Schwarzwälder Schinken & Eggs Benedict

Eggs Benedict is, by far, my favourite breakfast dish but I am so often disappointed when I order it in a restaurant. Restaurants seem to specialise in making this most tasty of meals as sterile and as unattractive as possible. Traditionally the dish consists of an English Muffin (despite its name an essentially American concoction!) cut in two and each half is then topped with a round of ham, followed by a poached egg and finally a spoon or two of Hollandaise sauce. The result, while potentially tasty, is often bland and visually sterile – don’t believe me, do a Google image search, there are notable exceptions of course but the majority of the pictures can hardly be called appetizing!

So how to improve on this sorry state of affairs? First, ditch the muffin! A couple of slices of toasted Ciabatta make a far superior foundation for the dish while ensuring that there is enough bread to mop up the egg yolk and sauce without totally dominating it.

Next comes the ham and please, not slices of bland, watery processed ham, Iberian ham is perfect but expensive, back bacon works well but increasingly I find myself using smoked Black Forest ham (Lidl, for more details see the earlier post This ham is amazingly versatile and after baking on a good quality (i.e. heavy and non-stick) metal tray together with a drizzle of olive oil at 190 oC for 8 -10 minutes or so you will have wonderfully thin crisp slices of intensely flavoured ham, (any spare slices should be kept in the fridge in a sealed box for several days until required).

Schwarzwälder Schinken

Slices of crisp oven baked ham make a perfect accompaniment for eggs benedict



Schwarzwälder Schinken

Slices of crisp oven baked ham make a perfect accompaniment for eggs benedict.

Tomatoes drizzled with a little olive oil are roasted in the oven, again at 190 oC, for around about 20 minutes; its worth preparing the tomatoes some 10 or so minutes before the eggs are ready to allow them to cool down, it is impossible to appreciate the flavour of a tomato no matter how good it is if it is scalding hot!

As for the eggs I have for long been a fan of both Burford Brown and Cotswold Legbar eggs from Clarence Court® (frustratingly these eggs are becoming increasingly hard to find in and around Glasgow and are no longer stocked at my local Morrisons, instead I have to trek right across the city to go to Waitrose or in the opposite direction to the Whole Food supermarket (who, for some as yet unfathomed reason sell Cotswold Legbar eggs lose). Both of these eggs have incredibly rich golden yolks and while the colour probably doesn’t add directly to the taste the difference between these eggs and so many others which are in comparison only pale imitations make me feel that these eggs do indeed taste better!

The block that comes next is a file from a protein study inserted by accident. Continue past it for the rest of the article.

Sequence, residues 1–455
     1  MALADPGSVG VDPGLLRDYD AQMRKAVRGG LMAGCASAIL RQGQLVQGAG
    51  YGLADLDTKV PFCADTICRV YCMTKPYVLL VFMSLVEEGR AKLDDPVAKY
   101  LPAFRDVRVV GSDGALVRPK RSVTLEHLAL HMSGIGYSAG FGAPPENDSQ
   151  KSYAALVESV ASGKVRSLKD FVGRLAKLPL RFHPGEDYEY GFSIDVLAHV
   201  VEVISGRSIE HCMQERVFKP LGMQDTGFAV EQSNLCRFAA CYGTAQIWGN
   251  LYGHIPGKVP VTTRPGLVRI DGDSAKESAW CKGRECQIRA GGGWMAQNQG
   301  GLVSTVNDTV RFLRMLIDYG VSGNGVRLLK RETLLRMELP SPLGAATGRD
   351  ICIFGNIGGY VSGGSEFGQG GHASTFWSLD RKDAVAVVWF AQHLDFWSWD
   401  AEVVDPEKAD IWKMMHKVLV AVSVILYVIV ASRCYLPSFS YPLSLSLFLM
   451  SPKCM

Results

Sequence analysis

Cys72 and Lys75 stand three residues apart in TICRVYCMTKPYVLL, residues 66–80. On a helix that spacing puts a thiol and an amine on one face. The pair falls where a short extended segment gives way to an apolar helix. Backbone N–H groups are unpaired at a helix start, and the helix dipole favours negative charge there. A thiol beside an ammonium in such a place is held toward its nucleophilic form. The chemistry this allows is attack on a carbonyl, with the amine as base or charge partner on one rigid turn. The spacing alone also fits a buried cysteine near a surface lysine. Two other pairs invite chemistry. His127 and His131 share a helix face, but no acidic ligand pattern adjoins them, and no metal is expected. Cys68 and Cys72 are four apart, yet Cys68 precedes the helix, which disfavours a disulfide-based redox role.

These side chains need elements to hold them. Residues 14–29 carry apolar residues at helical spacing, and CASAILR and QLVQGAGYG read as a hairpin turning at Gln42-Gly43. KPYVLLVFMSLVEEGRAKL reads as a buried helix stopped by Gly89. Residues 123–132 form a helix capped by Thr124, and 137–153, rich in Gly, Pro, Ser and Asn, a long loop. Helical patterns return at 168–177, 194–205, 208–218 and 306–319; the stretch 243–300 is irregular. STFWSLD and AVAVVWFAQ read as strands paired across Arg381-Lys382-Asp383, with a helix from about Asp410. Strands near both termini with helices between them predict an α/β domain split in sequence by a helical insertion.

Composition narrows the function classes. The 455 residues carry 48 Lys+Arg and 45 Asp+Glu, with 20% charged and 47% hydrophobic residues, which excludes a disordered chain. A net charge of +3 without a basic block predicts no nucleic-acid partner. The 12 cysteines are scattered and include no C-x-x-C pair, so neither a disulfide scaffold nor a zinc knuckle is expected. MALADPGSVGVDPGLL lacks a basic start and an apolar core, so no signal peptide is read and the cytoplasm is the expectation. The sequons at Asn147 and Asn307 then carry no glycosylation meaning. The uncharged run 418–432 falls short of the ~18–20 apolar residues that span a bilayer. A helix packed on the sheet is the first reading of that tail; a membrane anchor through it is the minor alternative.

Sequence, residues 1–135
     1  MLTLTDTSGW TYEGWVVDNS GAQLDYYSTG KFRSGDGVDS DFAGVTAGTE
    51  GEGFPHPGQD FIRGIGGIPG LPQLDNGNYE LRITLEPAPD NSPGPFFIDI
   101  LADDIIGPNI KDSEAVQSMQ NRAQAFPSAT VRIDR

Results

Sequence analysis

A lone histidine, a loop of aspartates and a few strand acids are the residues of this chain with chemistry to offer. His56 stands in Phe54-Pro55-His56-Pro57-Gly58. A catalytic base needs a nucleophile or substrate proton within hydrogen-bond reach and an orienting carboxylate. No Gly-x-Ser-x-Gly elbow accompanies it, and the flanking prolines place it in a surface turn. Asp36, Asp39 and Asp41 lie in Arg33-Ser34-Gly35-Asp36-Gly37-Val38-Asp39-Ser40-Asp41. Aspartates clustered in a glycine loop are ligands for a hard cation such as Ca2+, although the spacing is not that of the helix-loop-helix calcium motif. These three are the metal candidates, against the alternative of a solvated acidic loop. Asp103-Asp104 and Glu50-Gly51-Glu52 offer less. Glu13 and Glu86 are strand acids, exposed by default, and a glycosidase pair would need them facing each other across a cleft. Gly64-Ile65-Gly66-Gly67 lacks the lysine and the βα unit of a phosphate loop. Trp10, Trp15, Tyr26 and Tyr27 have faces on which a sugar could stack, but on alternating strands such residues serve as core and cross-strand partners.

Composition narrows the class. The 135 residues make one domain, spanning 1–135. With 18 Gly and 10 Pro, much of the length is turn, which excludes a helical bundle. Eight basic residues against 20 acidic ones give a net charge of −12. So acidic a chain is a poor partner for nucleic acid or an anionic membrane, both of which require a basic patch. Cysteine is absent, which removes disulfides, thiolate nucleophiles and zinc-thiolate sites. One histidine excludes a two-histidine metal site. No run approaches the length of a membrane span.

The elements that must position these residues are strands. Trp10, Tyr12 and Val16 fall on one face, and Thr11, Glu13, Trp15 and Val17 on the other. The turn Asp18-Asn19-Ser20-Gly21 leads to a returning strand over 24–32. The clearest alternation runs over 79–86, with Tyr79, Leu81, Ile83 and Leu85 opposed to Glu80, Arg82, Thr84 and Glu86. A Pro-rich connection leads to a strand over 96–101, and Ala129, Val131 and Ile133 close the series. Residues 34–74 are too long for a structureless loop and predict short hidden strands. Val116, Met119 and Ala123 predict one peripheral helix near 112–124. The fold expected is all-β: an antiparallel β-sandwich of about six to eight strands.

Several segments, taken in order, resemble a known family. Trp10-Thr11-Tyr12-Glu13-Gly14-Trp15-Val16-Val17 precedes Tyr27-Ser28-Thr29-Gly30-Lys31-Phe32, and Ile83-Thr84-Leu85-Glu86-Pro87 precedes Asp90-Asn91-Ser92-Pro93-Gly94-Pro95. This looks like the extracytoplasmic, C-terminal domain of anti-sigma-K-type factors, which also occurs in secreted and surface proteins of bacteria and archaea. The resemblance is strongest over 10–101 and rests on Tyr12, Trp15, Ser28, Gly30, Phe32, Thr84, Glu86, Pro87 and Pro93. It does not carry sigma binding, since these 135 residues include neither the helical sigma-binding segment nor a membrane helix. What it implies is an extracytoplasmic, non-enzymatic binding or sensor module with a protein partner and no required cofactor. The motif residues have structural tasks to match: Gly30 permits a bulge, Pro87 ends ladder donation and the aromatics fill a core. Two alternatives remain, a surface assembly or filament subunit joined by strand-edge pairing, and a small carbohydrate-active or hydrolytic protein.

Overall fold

For the Hollandaise sauce I always “cheat” and buy mine ready-made from Maille which has the advantage of both convenience, being able to use just the amount you need while keeping the rest in the fridge for as long as 4 weeks. The Hollandaise is carefully warmed in a bowl over a pan of freshly boiled water which is then kept on a very low heat; be careful not to let the sauce get too hot or it will split.

Assemble the dish on a warm plate building up from the Ciabatta, followed by the Black Forest ham and Hollandaise sauce and roast tomatoes. Finish of with fresh basil leaves and a drizzle of oil from the bowl the tomatoes were cooked in.

Schwarzwälder Schinken

Schwarzwälder Schinken

Rich runny yolks are a must!

Schwarzwälder Schinken

Rich runny yolks are a must!


A more detailed recipe can be found at:

Copyright: All photographs and text in the blog “Brunch at Goodies” are subject to copyright. © Keith Gooderham 2011-2013 All rights reserved. Do NOT copy material without requesting permission to do so. If you would like permission simply contact me.

Black Pudding Burgers